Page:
Laura Erickson's For the Birds

Wednesday, June 9, 2010

Trying to assess

Laughing Gull
Originally uploaded by Laura Erickson
(Transcript of For the Birds for June 9, 2010)

I’m writing this script on June 8, 2010, Day 50 in the Gulf Oil Disaster. Current estimates are that Louisiana wildlife teams have recovered more than a thousand birds - most of them dead. Some survivors have been treated and then released in Florida. But these species have a built-in map and compass and a powerful homing instinct. Many or most of the adult pelicans are in the middle of their nesting season right now, and although getting oiled has certainly doomed their chicks to slow starvation, most or virtually all the birds released in Florida will most assuredly head straight back home, to ever increasing amounts of oil. The spill started out far from shore, and only 192 brown pelicans were brought into a Fort Jackson, Louisiana facility in the past six weeks, but reflecting the growing area of contamination, 86 were delivered just this Sunday. Many experts estimate that only 10–20 percent of oiled birds are ever found. I’m sure this is true in the case of large birds like pelicans and gannets, but suspect that the number of small birds that will be found in the muck will be less than one percent of the real number. How can we possibly find warblers weighing just a third of an ounce, or hummingbirds weighing just one tenth of an ounce, in a sea of black gunk?

Carcasses of large marine mammals may be equally hard to find unless they wash to shore. The Cornell Lab of Ornithology’s Bioacoustics Research Program is sending a team down this week to deploy acoustic monitoring devices to keep track of whale vocalizations—an exercise that promises to be as interesting as it will be depressing.

As more and more marshland gets contaminated in the coming weeks and months, the number of animals coated with oil will continue to grow, though news accounts will surely lose interest before birds and other wildlife stop dying. By late July and August, when our Northland birds start heading to the Gulf Coast and beyond during their fall migration, I’m afraid people are going to be too numb to even care. I don’t even want to think of the implications during the height of hurricane season.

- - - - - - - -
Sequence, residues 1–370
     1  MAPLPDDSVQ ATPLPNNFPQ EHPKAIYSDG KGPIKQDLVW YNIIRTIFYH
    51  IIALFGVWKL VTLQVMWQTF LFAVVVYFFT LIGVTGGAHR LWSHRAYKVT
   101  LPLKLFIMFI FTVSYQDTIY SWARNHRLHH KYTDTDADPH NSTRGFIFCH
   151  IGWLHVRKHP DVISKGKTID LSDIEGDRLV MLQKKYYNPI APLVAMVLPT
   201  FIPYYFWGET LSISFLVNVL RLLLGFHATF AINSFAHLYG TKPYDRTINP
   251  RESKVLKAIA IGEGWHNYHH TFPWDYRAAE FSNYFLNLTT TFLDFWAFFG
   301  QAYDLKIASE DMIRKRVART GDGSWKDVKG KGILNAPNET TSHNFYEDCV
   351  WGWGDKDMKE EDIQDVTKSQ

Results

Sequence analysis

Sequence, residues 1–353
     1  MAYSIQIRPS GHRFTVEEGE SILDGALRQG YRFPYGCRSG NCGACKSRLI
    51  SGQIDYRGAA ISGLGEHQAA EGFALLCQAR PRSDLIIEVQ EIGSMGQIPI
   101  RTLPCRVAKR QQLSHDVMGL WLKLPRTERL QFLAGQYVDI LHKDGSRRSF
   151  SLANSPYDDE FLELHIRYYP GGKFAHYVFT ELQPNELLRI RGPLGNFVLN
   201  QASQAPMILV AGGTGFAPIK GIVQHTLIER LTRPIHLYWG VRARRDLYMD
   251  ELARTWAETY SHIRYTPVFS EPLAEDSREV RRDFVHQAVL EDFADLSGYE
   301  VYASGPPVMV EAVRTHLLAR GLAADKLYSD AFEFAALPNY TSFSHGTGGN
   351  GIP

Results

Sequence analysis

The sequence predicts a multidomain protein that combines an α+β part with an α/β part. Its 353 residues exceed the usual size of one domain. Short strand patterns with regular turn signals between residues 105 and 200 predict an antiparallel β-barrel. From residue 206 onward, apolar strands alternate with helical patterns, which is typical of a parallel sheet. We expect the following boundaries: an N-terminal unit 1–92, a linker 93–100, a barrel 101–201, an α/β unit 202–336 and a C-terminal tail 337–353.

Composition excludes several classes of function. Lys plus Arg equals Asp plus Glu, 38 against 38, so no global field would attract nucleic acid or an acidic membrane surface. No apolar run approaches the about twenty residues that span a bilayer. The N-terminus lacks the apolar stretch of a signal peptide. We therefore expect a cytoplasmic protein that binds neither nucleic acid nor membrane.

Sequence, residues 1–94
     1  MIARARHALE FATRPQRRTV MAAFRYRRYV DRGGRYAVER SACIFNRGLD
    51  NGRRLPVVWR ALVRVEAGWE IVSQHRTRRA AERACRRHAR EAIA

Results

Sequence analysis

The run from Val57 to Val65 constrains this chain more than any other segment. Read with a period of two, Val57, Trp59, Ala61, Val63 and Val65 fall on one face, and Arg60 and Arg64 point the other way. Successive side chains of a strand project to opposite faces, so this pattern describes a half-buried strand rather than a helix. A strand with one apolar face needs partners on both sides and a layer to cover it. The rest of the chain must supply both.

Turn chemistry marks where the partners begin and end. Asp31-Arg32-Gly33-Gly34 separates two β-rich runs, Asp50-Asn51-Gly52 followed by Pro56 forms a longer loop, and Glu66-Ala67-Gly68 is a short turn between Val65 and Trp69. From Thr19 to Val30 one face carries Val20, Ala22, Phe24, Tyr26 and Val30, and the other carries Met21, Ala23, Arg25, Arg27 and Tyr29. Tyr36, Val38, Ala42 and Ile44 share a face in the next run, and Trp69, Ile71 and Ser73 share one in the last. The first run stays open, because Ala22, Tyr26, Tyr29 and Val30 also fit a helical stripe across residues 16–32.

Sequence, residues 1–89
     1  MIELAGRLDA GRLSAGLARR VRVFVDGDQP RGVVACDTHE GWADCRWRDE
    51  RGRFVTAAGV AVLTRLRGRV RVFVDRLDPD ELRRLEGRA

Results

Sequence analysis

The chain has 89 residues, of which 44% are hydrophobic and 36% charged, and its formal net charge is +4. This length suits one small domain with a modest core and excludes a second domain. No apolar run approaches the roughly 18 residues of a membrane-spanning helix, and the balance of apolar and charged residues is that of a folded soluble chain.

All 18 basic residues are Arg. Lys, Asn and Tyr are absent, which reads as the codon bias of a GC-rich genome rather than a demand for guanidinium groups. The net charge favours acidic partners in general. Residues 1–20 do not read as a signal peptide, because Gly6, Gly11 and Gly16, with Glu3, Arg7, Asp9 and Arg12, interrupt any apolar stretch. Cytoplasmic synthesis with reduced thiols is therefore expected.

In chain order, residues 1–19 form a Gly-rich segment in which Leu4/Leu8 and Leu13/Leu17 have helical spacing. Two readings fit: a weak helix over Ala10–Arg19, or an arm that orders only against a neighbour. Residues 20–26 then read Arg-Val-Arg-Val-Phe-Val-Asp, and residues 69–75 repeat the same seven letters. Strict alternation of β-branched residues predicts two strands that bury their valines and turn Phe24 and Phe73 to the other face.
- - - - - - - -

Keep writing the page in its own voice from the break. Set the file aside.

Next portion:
Elections are coming up, but what name on a ballot can anyone really trust? A full 58 percent of active or senior judges in key Gulf Coast districts in Louisiana, Texas, Alabama, Mississippi and Florida have links to oil, gas and related energy industries, including some who own stocks or bonds in BP, Halliburton or Transocean, and others who regularly list receiving royalties from oil and gas production wells. We’ll be learning more and more about campaign contributions from various oil companies to both democrats and republicans, and maybe someone will uncover the truth about Dick Cheney’s secret energy policy meetings, but really, what can we possibly do with that information? The normal response will be to tune it out, and I’m sure plenty of other problems will crop up to distract us. The people who care most about the damaged ecosystem and the wildlife that depends on it will be frozen in despair or down in the Gulf volunteering to monitor water toxicity or engaged in the Sisyphean task of salvaging increasing numbers of migratory birds whose very natures doom them to head right back into the contaminated region. It’s only Day 50 of this nightmare, and the harsh reality is that the worst is yet to come.

But we are human beings—and I have to believe that our species includes more rocket scientists, poets, naturalists, and just plain decent people than greedy corporate sociopaths. Our species may be the only one on the planet capable of such mass destruction, but we’re also capable of compassion and ingenuity and large scale problem solving. How we face the coming weeks and months will test our worthiness as a nation, and a world. But we must take this test seriously. It isn’t just some everyday pop quiz—how we deal with this disaster may prove to be our final exam.